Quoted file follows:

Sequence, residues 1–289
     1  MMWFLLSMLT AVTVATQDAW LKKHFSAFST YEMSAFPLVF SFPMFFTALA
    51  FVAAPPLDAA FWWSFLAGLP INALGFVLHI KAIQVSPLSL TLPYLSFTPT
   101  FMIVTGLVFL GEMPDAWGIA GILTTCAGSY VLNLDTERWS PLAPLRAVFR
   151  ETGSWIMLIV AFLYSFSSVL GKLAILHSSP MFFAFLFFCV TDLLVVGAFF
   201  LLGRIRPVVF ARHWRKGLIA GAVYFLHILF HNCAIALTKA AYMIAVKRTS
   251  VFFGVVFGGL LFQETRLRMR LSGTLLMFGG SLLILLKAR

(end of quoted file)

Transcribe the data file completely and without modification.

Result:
Sequence, residues 1–289
     1  MMWFLLSMLT AVTVATQDAW LKKHFSAFST YEMSAFPLVF SFPMFFTALA
    51  FVAAPPLDAA FWWSFLAGLP INALGFVLHI KAIQVSPLSL TLPYLSFTPT
   101  FMIVTGLVFL GEMPDAWGIA GILTTCAGSY VLNLDTERWS PLAPLRAVFR
   151  ETGSWIMLIV AFLYSFSSVL GKLAILHSSP MFFAFLFFCV TDLLVVGAFF
   201  LLGRIRPVVF ARHWRKGLIA GAVYFLHILF HNCAIALTKA AYMIAVKRTS
   251  VFFGVVFGGL LFQETRLRMR LSGTLLMFGG SLLILLKAR